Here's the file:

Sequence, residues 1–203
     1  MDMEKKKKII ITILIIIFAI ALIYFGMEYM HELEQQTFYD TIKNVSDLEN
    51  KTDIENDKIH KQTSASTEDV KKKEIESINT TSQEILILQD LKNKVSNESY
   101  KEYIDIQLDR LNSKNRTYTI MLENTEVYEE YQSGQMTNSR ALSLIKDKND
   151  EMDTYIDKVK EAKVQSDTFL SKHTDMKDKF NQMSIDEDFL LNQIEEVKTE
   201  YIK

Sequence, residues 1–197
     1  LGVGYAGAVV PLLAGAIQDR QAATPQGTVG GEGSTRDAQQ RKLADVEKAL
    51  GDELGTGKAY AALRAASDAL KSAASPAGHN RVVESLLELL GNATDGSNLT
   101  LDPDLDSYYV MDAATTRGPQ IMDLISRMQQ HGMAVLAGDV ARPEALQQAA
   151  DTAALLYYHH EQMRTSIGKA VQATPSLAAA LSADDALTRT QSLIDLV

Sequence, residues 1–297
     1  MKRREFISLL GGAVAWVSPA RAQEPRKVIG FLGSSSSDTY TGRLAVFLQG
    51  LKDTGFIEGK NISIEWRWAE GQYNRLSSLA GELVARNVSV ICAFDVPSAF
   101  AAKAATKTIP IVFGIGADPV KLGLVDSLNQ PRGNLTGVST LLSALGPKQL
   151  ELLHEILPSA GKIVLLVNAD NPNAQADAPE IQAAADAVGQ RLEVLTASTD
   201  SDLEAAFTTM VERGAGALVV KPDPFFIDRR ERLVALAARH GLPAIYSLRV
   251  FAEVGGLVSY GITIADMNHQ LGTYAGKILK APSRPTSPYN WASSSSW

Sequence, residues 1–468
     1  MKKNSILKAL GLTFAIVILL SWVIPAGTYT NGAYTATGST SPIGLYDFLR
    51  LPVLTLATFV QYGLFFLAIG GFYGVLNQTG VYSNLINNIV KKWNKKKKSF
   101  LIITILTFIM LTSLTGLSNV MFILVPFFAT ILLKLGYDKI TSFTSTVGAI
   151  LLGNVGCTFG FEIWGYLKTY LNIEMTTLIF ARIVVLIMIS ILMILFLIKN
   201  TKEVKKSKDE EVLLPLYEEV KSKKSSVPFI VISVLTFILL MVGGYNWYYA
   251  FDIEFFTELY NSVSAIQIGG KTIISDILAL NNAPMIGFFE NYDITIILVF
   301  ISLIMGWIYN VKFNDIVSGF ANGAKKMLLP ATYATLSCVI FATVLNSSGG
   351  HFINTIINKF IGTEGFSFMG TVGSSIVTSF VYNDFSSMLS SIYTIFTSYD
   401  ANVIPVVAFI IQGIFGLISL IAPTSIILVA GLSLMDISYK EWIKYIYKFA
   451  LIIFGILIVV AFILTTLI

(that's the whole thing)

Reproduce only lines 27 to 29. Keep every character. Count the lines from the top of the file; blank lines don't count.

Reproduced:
   351  HFINTIINKF IGTEGFSFMG TVGSSIVTSF VYNDFSSMLS SIYTIFTSYD
   401  ANVIPVVAFI IQGIFGLISL IAPTSIILVA GLSLMDISYK EWIKYIYKFA
   451  LIIFGILIVV AFILTTLI